At the heart of Ria's story, you touch upon the subject of divorce which has only recently been accepted in Irish culture. What are you thoughts about love, marriage and divorce?

Maeve Binchy:
When I was young, there was no divorce, people lived together, often long lives of ill-disguised hate and coldness. It was, of course, safer for the children in that they never had to see the family they loved break up. But some of those marriages should have ended. There was too much emphasis on what other people might think or say or whisper about. Like anyone, I obviously would wish and hope that a marriage promise would be fulfilled and last forever, but also like anyone, I am realistic enough to know that this doesn't always happen.

So I would prefer there to be laws and regulations that would protect the innocent and give dignity to the disappointing and unlooked-for end to a bargain made in good faith on the wedding day. I don't think marriages just work automatically, and in a changing world, where the roles of men and women change from one decade to the next, the goalposts seem to move.

There are no absolutes. But possibly a later marriage, when both men and women have had some experience of life and hopes and dreams, would work best. But then again, I know many magnificent marriages where a young couple have been able to grow up with their children.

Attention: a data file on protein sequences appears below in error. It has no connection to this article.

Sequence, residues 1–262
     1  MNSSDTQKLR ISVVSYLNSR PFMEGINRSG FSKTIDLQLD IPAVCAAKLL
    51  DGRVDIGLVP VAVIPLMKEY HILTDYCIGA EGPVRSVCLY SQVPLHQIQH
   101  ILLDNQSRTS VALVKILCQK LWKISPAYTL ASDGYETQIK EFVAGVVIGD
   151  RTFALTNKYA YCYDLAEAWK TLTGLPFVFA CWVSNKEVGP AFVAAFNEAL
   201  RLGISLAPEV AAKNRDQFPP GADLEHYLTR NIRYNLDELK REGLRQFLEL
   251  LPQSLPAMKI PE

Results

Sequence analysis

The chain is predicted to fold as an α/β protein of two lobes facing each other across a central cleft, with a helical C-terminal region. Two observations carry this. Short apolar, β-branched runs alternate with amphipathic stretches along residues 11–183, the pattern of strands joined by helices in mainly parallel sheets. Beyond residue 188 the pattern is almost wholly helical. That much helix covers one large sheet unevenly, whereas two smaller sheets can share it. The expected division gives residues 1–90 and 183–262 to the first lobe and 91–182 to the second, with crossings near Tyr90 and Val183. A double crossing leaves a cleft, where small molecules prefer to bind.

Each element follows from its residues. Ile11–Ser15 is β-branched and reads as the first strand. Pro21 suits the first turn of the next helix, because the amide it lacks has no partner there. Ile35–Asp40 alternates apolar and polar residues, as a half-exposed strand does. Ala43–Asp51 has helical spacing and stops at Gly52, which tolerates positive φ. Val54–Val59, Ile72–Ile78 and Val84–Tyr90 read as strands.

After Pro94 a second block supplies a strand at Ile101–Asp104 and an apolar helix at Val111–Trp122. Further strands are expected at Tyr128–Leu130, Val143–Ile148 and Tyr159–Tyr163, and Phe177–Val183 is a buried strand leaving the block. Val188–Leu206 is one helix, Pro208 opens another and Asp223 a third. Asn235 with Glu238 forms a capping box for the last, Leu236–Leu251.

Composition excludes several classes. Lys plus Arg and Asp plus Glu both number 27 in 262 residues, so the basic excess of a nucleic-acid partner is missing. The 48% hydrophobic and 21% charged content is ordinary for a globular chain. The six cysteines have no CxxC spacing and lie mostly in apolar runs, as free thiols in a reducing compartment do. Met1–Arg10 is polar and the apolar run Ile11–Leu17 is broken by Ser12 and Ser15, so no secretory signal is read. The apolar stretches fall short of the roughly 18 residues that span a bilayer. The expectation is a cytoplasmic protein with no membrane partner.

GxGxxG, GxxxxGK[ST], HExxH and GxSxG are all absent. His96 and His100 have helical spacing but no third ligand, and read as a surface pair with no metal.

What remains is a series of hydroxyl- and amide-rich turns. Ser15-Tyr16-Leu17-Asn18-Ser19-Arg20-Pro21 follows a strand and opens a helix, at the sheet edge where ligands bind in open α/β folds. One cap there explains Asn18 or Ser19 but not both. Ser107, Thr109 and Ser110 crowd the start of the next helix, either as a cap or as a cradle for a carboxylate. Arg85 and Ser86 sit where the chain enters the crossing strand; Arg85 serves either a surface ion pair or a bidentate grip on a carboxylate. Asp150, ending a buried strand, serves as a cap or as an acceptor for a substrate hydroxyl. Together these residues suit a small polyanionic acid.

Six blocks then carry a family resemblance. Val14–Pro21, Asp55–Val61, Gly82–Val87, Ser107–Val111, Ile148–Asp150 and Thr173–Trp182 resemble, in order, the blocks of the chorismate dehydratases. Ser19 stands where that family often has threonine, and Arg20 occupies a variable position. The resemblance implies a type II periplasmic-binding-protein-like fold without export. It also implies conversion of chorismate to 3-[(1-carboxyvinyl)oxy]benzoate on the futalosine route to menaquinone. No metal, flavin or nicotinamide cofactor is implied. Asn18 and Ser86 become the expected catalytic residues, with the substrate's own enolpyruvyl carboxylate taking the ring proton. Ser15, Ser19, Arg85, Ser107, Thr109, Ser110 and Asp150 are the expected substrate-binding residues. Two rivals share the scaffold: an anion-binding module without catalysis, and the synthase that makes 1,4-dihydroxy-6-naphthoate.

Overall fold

How do you react to the film adaptations of your books?

Maeve Binchy:
I have been very lucky indeed, since Circle of Friends was a delightful movie with two engaging and handsome young stars, Chris O'Donnell and Minnie Driver, to bring my characters to the screen. Television version of Echoes and The Lilac Bus were also excellent. There are at present several negotiations going on with studios about Evening Class and Tara Road, and I am sure they will work out well, too.

How do you feel about being famous?

Maeve Binchy:
I am always pleased when people say they like my books, and I never thought that there was any image to live up to in being a bestselling writer. Gordon and I work happily side by side in a big, sunny room with two very much loved cats who sit by and watch us. My brother and sisters live nearby. And we have the same good friends as we always had. I grew up in this area, so no one would let be become big-headed even if I wanted to.


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